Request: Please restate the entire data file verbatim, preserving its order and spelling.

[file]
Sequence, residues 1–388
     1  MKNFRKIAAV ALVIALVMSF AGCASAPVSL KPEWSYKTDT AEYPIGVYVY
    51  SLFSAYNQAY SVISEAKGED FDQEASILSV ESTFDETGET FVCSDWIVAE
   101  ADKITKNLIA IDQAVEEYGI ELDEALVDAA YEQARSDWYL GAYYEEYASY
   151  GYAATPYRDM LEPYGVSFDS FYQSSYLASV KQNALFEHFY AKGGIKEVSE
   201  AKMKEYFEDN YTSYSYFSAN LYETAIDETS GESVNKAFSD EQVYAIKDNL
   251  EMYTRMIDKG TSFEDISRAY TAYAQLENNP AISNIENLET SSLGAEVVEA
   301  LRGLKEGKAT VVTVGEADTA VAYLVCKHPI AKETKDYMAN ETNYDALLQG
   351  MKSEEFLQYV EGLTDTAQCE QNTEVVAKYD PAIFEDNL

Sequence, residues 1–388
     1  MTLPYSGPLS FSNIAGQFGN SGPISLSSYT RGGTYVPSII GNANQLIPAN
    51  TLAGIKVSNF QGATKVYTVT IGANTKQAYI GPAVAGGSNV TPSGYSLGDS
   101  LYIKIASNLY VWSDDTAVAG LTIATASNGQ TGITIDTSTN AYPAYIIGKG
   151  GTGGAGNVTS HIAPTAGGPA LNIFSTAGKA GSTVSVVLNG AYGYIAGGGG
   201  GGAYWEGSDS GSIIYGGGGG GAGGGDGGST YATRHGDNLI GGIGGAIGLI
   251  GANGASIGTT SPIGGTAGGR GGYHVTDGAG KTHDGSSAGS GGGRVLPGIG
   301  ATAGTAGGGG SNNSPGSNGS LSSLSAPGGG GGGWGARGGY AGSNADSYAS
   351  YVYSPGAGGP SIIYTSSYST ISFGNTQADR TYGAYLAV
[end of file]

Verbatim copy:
Sequence, residues 1–388
     1  MKNFRKIAAV ALVIALVMSF AGCASAPVSL KPEWSYKTDT AEYPIGVYVY
    51  SLFSAYNQAY SVISEAKGED FDQEASILSV ESTFDETGET FVCSDWIVAE
   101  ADKITKNLIA IDQAVEEYGI ELDEALVDAA YEQARSDWYL GAYYEEYASY
   151  GYAATPYRDM LEPYGVSFDS FYQSSYLASV KQNALFEHFY AKGGIKEVSE
   201  AKMKEYFEDN YTSYSYFSAN LYETAIDETS GESVNKAFSD EQVYAIKDNL
   251  EMYTRMIDKG TSFEDISRAY TAYAQLENNP AISNIENLET SSLGAEVVEA
   301  LRGLKEGKAT VVTVGEADTA VAYLVCKHPI AKETKDYMAN ETNYDALLQG
   351  MKSEEFLQYV EGLTDTAQCE QNTEVVAKYD PAIFEDNL

Sequence, residues 1–388
     1  MTLPYSGPLS FSNIAGQFGN SGPISLSSYT RGGTYVPSII GNANQLIPAN
    51  TLAGIKVSNF QGATKVYTVT IGANTKQAYI GPAVAGGSNV TPSGYSLGDS
   101  LYIKIASNLY VWSDDTAVAG LTIATASNGQ TGITIDTSTN AYPAYIIGKG
   151  GTGGAGNVTS HIAPTAGGPA LNIFSTAGKA GSTVSVVLNG AYGYIAGGGG
   201  GGAYWEGSDS GSIIYGGGGG GAGGGDGGST YATRHGDNLI GGIGGAIGLI
   251  GANGASIGTT SPIGGTAGGR GGYHVTDGAG KTHDGSSAGS GGGRVLPGIG
   301  ATAGTAGGGG SNNSPGSNGS LSSLSAPGGG GGGWGARGGY AGSNADSYAS
   351  YVYSPGAGGP SIIYTSSYST ISFGNTQADR TYGAYLAV